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Re: 1048: "Emotion"

Postby The Mighty Thesaurus » Mon Apr 30, 2012 10:20 am UTC

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Re: 1048: "Emotion"

Postby SirMustapha » Mon Apr 30, 2012 12:09 pm UTC

gmalivuk wrote:Don't flatter yourself. The fact that your name is mentioned in a number of posts does not make the discussion entirely about you.


Come on, I know this thread is about me (I'm so vain). You doubt it? Look at the post I'm going to reply.

-------

musicgeek wrote:I mean, to criticize the creator of a webcomic for using his own creation to discuss a loved one's struggles with cancer while simultaneously using a thread created for discussion of said comic (in which several other individuals are discussing their own personal cancer stories) to promote your own vapid, navel-gazing musical noodlings is pretty crass to begin with.


Oh, that? I created this sig back when I was a raving stupid fan (pleonasm) of xkcd. After I managed to remove my head from my anus, I neglected the sig entirely, and didn't even bother to update it. But then, I decided to keep it updated as a joke.

musicgeek wrote:(After all, out of respect for the issue at hand you should remove the self-promoting links in your signature if you want to be taken seriously, no?)


Respect for what issue? Randall having an abhorrent, self-pitying attitude at the expense of someone else's suffering? I don't respect that.

musicgeek wrote:So, no problems name-dropping or injecting your own personal emotional experiences into your art that you freely provide on a publicly available webpage?


For one, I'm not "injecting" anything; anything I produce will be invariably, inevitably linked with my own feelings somehow, and I'm merely acknowledging that. But you can listen to all of my music, and it will not be expected that you understand exactly where it's all coming from, even though there is a background to all of it... like pretty much EVERY PIECE OF ART EVER. Besides, it's pretty ridiculous to compare music with webcomics -- especially a webcomic such as xkcd, that is so textual and always so explicit.

musicgeek wrote:Man, I can't even bother to be angry at your attitude because it's so pitiful.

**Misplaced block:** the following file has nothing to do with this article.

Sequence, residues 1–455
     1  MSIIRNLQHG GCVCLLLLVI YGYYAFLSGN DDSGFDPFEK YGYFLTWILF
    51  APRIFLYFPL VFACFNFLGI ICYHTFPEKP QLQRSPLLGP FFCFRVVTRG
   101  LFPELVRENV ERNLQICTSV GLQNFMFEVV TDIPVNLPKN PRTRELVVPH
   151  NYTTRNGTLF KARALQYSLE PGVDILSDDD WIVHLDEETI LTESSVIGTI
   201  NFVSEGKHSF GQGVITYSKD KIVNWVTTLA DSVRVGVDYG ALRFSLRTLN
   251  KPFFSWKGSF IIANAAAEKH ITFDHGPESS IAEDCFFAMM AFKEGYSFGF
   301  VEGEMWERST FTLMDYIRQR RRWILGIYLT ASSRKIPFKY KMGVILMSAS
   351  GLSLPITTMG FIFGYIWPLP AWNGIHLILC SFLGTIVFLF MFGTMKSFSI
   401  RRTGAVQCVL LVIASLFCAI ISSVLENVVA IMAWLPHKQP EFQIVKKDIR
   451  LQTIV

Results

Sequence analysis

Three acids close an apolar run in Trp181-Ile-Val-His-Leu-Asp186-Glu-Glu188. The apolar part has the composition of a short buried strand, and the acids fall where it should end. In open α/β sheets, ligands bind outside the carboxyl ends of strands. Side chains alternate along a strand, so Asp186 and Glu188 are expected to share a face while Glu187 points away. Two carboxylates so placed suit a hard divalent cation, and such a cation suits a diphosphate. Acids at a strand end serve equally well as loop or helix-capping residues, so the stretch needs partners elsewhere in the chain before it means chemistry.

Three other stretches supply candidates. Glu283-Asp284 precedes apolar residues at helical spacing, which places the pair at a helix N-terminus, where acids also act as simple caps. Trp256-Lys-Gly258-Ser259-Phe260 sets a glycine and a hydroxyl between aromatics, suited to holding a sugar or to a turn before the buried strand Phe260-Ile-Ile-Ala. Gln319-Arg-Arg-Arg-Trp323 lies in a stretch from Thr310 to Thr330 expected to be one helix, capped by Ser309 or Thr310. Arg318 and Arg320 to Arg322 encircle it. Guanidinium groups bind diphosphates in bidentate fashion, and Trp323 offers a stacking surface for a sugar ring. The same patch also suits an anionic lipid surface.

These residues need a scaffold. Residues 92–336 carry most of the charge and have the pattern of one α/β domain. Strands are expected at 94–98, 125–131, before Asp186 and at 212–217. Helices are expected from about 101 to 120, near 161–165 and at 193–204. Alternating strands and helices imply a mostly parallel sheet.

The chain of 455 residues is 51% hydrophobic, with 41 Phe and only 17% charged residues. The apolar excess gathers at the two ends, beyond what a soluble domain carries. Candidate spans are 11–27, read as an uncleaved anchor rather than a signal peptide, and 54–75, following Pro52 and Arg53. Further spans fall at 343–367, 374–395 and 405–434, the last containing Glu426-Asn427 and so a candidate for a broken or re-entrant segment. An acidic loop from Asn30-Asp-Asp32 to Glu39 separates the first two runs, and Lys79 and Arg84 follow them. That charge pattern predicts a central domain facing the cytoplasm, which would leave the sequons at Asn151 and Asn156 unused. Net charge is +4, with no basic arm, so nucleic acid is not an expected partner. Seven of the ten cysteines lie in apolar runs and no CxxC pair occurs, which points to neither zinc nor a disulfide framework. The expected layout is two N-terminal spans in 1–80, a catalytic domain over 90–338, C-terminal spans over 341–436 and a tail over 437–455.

That's ok, I pity you as well.

musicgeek wrote:Those unforgettable moments and those special people that you allude to in such nonspecific terms - obviously those sentiments will just captivate the hell out of every single person who stumbles across your webpage.


Wait a minute, there... I was pretty sure that the dedication is only supposed to mean anything to the dedicatees themselves! What the fuck are you talking about? Man, I now want to have some of what you're having, and I'll probably start plucking hairs out of eggs.

musicgeek wrote:I've got no problem with anyone criticizing an artist or commenter on any topic, but to be either so completely emotionally tone-deaf or so completely self-absorbed as to interrupt a thread dominated by discussion of the impact of cancer on posters' lives just to bitch and moan because the comic doesn't strike you personally in the same way - that's sad.


Well, this thread is about the comic. I was commenting on the comic. If anything, using this thread to talk about one's personal cancer cases is far more disruptive than what I did. Wouldn't it be better to create a thread specifically for discussing that, then? In my opinion, "tone-deaf" is to come here just to post "Oh me yarm cancer I am so sad!". What good is THAT going to make? Showing sympathy to Randall? Is he even the one with cancer?

Otherwise, I was unaware that having a negative opinion on something was such a crime. Yeah, okay. Remind me not to question any charity or the purpose behind it, ever.

musicgeek wrote:That's not a dismissive "sad," by the way - I mean that, because it means that you're going to miss a lot of truly "unforgettable moments" and "wonderful people" in life simply because you aren't at the center of them and can't be bothered to have any feeling if not.


Thank you, person who never met me in real life! Your advice is certainly 100% accurate and consistent with everything I do away from this forum![/quote]

-------

So, see? I'm so vain, I definitely think this thread is about me, shouldn't I? Shouldn't I?

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Re: 1048: "Emotion"

Postby eran_rathan » Mon Apr 30, 2012 1:09 pm UTC

The Mighty Thesaurus wrote:The music is gratis mostly terrible


ftfy. And of course, YMMV.
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Re: 1048: "Emotion"

Postby SirMustapha » Mon Apr 30, 2012 1:36 pm UTC

eran_rathan wrote:
The Mighty Thesaurus wrote:The music is gratis mostly terrible


ftfy. And of course, YMMV.